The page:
Trying to understand what targeting specific energy systems means

When “targeting energy systems”, how is that done in the context of a week, 3 weeks, etc.

For example, a program might have something like VO Max Tuesday, Threshold Wednesday, Endurance Thursday, then a long ride on the weekend, or maybe a training race. Obviously each of those targets a different energy systems, so how do they work together?

Conversely I have also seen programs that would do something like nothing but endurance for a week, or, VO intervals. for 2-3 days.

Hi Tom,
Great question, and this is a big one! This may be a great option for us to pull into an upcoming Q&A session to dive in a little deeper.

This is getting into some of the theory of training and the various models you can use to create adaptations. What you’re describing is really two contrasting training theories. The first example would be considered more of a traditional approach where we attempt to improve multiple energy systems within the same cycle. Contrast that to the 2-3 day blocks of VO2 or endurance work and now we’re getting into what is commonly called Block Periodization.

Block Periodization has been around since at least the 80’s, and the goal is to target specific abilities in a small, concentrated “block”. To pull from a more specific definition, it would be considered “…a training cycle of highly concentrated specialized workloads.” The block is seen as "an autonomous compact unit of several elements combined for a specific function."

To your question of how they work together with the traditional approach, we have to keep in mind that this block approach was developed by elite/Olympic level coaches who were working within High Performance Programs that initially contained massive training volumes. As sport evolved, we saw an increase in the number of competitive days, and you can see now how continued focus on huge volumes of training would limit preparedness for athletes/sports that are looking at dramatically higher frequency of competition within a season. So this approach of concentrating workloads and making them highly specific was really to address the needs of these athletes and sport programs.

A mixed approach has been successful for most non-elite athletes. If we consider those examples of VO2 max, threshold, and endurance, those are all highly “aerobic” efforts. Maybe with shorter VO2 sessions or some sprints, etc. at the weekend training race, you’ll get a decent amount of anaerobic work, but overall your distribution will be heavily skewed to accomplishing aerobic work. So as we continue our consistent application of the exercise load on the body, we will see those improvements over time. Are there times when a block approach can help us? Absolutely, and it’s good to explore that. The caveat is that since you are now concentrating your training sessions, you have to provide the body with an equally “concentrated” amount of recovery following those days.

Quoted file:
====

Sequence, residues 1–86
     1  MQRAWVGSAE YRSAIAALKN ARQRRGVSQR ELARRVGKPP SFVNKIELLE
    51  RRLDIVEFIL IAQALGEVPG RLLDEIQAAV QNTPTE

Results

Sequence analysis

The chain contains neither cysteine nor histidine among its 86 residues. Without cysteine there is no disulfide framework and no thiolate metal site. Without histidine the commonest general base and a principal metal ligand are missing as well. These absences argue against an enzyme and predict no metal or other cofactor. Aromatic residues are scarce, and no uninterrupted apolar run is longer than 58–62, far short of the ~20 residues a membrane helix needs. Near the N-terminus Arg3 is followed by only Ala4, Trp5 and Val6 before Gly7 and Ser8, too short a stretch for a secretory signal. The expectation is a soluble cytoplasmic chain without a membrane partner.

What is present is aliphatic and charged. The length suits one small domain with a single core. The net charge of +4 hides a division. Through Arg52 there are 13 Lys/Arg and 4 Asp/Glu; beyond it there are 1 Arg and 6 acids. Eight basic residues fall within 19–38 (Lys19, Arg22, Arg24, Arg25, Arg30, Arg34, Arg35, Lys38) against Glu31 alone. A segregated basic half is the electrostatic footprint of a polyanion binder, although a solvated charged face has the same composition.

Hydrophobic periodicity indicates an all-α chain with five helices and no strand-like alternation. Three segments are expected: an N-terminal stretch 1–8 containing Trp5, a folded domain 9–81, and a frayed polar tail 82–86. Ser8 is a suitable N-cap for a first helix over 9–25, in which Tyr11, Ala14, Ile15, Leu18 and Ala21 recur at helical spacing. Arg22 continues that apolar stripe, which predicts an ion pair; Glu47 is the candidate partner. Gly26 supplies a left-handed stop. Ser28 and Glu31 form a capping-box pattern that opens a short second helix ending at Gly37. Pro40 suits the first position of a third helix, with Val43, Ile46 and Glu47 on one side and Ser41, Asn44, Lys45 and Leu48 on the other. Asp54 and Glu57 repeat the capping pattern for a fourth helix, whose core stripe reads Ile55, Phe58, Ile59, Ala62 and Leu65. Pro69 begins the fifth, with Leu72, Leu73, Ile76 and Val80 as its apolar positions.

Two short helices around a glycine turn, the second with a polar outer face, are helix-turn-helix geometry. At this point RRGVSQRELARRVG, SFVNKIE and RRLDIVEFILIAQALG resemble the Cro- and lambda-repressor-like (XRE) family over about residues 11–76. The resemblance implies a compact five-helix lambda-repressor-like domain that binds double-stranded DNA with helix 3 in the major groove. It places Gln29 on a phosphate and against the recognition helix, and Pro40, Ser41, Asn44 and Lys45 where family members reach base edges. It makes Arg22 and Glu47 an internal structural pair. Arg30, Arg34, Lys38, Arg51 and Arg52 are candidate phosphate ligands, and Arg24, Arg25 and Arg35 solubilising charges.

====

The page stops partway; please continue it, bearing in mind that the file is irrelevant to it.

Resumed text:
I hope that helps a bit. Definitely keep those questions going because this is a big topic and would do well as a Q&A session or webinar/podcast topic.
Coach Ryan


Thx Ryan, so when would be a good time or (how often ) to do some block periodization? I’m guessing an endurance block can be done anytime, again if given proper rest after. But what about say 2-3 days of VO work, or 2-3 days of neuro work?

Hi Tom,
Yes, so you can really do a block approach any time. I’ve used it sparingly with even some student athletes when they have something like finals coming up because it allows them to knock out a quick training block when they have the time and mental focus, and then chill out and allow themselves to focus that mental energy back on school. So it’s really quite open as to how often you can do it or finding a good time. It’s also a matter of choosing those high intensity sessions carefully. But aerobic stuff, you can do pretty much any time.

2-3 days of VO2 work can be very taxing on the body, and 2-3 days of neuro work I would actually not recommend. I would expect diminishing returns depending on how hard you are pushing, so finding the right effort is critical. I did a few blocks with a pro guy I was coaching a few years ago and we did 3-4 days of AM and PM VO2 workouts, but we were very specific in the power output he was holding. These weren’t all-out VO2 efforts. We had physiological data that helped to drive the specific powers to target, and we followed up training sessions with a lot of feedback and a POMS (Profile of Mood State) assessment to check on his mental energy. You need flexibility in blocks like that to understand when it’s time to bag it, and when you can push on. It certainly works, but it has to be done cautiously.

A simple way to explore it is to start with some lower level stuff like a VO2 session, followed by a threshold session for a 2 day block with 2 days of easy riding after. Or you might see something like 2x threshold sessions (think 6x8 minutes day 1 followed by 7x6 minutes on day 2) followed by 3x12 minutes in zone 3 on the 3rd day. I’ve also seen in many athletes preparing for stage races or MTB events where they will do some back to back threshold work or a couple big days, and then finish off with a large base ride because you can finish the overload and pretty much ride zone 2 even in a fatigued state. Keep in mind the recovery afterward and recover as hard as you ride on the block days.

Coach Ryan